The church property is adjacent to Lewis Ginter and is situated on the northwest side of the garden’s 82 acres at 1800 Lakeside Ave., about 50 of which are public spaces dedicated to plant life. Thornton said the garden attracted 390,000 visitors, including school trips, last year.

Supervisor Dan Schmitt said Henrico wanted to help with funding to allow Lewis Ginter to quickly move to secure the property. He noted the acquisition gives Lewis Ginter the makings of another entrance, which would help the garden manage visitation to its facilities.

“The garden is in a very good fiscal position but they weren’t fiscally prepared to make an immediate acquisition,” said Schmitt, who is also on the Lewis Ginter Board of Directors. “It locks in the access for the garden, it locks in the land acquisition. And quite frankly, no one wanted to see development right there next to the garden in that neighborhood.”

Schmitt likened Henrico’s support of Lewis Ginter to its other public-private partnerships to support community assets, pointing to the nearby Belmont Golf Course as an example. Henrico owns the course but the course is managed by First Tee.

“We’re starting to do public-private partnerships pretty well,” Schmitt said. “The county is good at government. We don’t know how to manage a garden or a golf course.”

After his remarks at the event, Lewis Ginter President and CEO Brian Trader said the church might continue worship on the property as a tenant for several more years after it transfers.

“We have talked about that. We haven’t finalized that agreement yet. Their congregation over time has really dwindled and it’s an aging congregation. So, I’m hopeful they can continue to worship there at the property even beyond the 2025 mark.”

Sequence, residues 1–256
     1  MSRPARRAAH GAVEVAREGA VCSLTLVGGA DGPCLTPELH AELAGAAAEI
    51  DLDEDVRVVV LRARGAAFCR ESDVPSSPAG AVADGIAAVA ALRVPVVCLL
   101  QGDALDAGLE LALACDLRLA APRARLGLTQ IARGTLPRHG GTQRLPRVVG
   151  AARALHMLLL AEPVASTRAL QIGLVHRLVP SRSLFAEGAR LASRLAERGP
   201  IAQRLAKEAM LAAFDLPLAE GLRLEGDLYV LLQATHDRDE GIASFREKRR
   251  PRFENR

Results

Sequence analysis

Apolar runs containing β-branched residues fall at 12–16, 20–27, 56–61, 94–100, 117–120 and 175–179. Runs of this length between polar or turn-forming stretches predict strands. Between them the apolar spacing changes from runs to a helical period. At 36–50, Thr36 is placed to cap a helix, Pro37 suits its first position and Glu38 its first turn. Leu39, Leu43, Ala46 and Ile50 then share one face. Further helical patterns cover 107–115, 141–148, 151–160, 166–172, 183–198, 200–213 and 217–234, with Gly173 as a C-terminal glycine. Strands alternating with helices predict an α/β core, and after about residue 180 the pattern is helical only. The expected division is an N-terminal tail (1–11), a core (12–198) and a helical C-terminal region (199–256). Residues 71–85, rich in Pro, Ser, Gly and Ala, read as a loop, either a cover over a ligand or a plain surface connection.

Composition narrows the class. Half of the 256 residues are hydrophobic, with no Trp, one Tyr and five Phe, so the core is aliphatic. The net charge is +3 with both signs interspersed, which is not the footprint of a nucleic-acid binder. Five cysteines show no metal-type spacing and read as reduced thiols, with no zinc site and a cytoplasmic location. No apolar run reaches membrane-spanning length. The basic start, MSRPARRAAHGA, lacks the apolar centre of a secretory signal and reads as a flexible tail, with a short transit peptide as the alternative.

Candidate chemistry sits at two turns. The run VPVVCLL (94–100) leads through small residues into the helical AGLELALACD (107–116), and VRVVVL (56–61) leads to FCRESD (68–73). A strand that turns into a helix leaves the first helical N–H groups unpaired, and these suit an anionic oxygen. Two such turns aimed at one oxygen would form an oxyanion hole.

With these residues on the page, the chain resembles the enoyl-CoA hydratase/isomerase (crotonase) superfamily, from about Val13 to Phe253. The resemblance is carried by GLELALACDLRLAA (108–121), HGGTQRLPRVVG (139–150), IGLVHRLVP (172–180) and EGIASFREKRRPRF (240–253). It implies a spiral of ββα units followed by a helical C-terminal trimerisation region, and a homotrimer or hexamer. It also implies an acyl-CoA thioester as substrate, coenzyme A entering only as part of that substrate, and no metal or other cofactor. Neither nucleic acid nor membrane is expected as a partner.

Trader said eventually Lewis Ginter would renovate the property to serve as facilities for its own operations, though conversations are ongoing about that use.

“This would allow us to save some of the green space and preserve that and retrofit the church for future needs of the garden,” Trader said.

Trader said he approached Schmitt about whether Henrico could help with the acquisition and that kicked off conversations about the county’s participation in the deal.

Jones said in his remarks the church doesn’t plan to dissolve and wants to use money made off the sale to support charities through the Virginia Baptist Foundation.

Your subscription has expired. Renew now by choosing a subscription below!

For more informaiton, head over to your profile.

Profile


SUBSCRIBE NOW

TERMS OF SERVICE:

ALL MEMBERSHIPS RENEW AUTOMATICALLY. YOU WILL BE CHARGED FOR A 1 YEAR MEMBERSHIP RENEWAL AT THE RATE IN EFFECT AT THAT TIME UNLESS YOU CANCEL YOUR MEMBERSHIP BY LOGGING IN OR BY CONTACTING [email protected]

ALL CHARGES FOR MONTHLY OR ANNUAL MEMBERSHIPS ARE NONREFUNDABLE.

EACH MEMBERSHIP WILL ONLY FUNCTION ON UP TO 3 MACHINES. ACCOUNTS ABUSING THAT LIMIT WILL BE DISCONTINUED.

FOR ASSISTANCE WITH YOUR MEMEBERSHIP PLEASE EMAIL [email protected]




Return to Homepage

Subscribe
Notify of
guest
3 Comments
oldest
newest most voted
Inline Feedbacks
View all comments
Zach Rugar
Zach Rugar
1 month ago

Cool way to further preserve the land in that region and also repurpose the church without tearing it down. I call that a YUGE win.

Michael P Morgan-Dodson
Michael P Morgan-Dodson
1 month ago

Interesting acquisition as the City of Richmond actually owns title to the former Bloemendaal Estate that makes up the majority of the botanical garden. I wonder if the current board is laying the foundation to again try to wrestle title from the city as they attempted in the 1980s.

Lee Gaskins
Lee Gaskins
1 month ago

This is a win-win.